At October 27, 2013 at 9:21 AM, Anonymous Anonymous said...

the lose in your speed may be from your routers throughput. i know when cable companies give their highest internet speeds 100mbps+ they give you an AC router and a special modem i'm not sure what fios dose

 
At November 5, 2013 at 12:00 AM, Anonymous Anonymous said...

I wanna know if i can use cat 6 cable with ethernet extenders for ip phones for a distance upto 500m -1000m ?

 
At December 29, 2013 at 11:38 AM, Anonymous Anonymous said...

Actually, cables are twisted so that they reject signals from the outside known as "noise" or I guess you could say crosstalk from other nearby cables

 
At April 16, 2014 at 2:56 PM, Anonymous Laying Cable said...

Great post! Been reading a lot about laying these kind of wires. Thanks for the info!

 
At June 11, 2014 at 9:03 AM, Blogger Curtis Kappenman said...

There are some great posts here. One thing that I am not hearing mentioned is the influence of outside electrical interference on the overall working length of the cable. Good cabling practice suggests that the network cable not be laid in parallel to any AC wires. The specified spacing between network and AC lines is a minimum of 12 inches. This distance requirement increases as the voltage of the AC wires increases. A short run next to an AC line is usually not a concern unless it is of high voltage. Also seek to keep as much distance as possible from any fluorescent lights as the ballasts emit a good amount of magnetic noise.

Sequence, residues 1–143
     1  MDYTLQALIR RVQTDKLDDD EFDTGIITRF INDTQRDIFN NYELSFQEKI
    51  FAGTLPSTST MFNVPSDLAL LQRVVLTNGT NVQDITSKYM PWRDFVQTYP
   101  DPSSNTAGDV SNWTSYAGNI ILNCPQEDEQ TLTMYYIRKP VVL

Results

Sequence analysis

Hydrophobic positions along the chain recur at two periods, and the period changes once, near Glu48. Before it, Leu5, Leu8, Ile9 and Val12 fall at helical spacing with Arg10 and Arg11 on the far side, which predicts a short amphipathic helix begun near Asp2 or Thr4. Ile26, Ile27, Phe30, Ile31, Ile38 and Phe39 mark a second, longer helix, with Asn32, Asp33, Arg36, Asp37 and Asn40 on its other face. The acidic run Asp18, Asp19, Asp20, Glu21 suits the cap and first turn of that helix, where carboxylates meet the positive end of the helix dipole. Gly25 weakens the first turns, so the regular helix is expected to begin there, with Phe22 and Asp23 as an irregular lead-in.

Some of the posts mention longer than normal runs in trenches that also contain the AC lines. This is a situation that, if unable to avoid, would best be done with shielded network cable to help minimize the interference. Also any electrical noise generated by any machinery or equipment in the area of the cable must be considered when determining the best way to run any cable.
As was mentioned previously, long distance runs are best done with fiber. The price of fiber and the simplicity of terminating the fibers with some of the modern connectors is making fiber a very viable option for making long runs feasible.
I hope this information is helpful to some.

 
At October 15, 2014 at 6:54 AM, Anonymous IP Camera Outdoor said...

If your run is longer than 590 feet or if most of the run is outside, fiber optic ... ipoutdoor.blogspot.de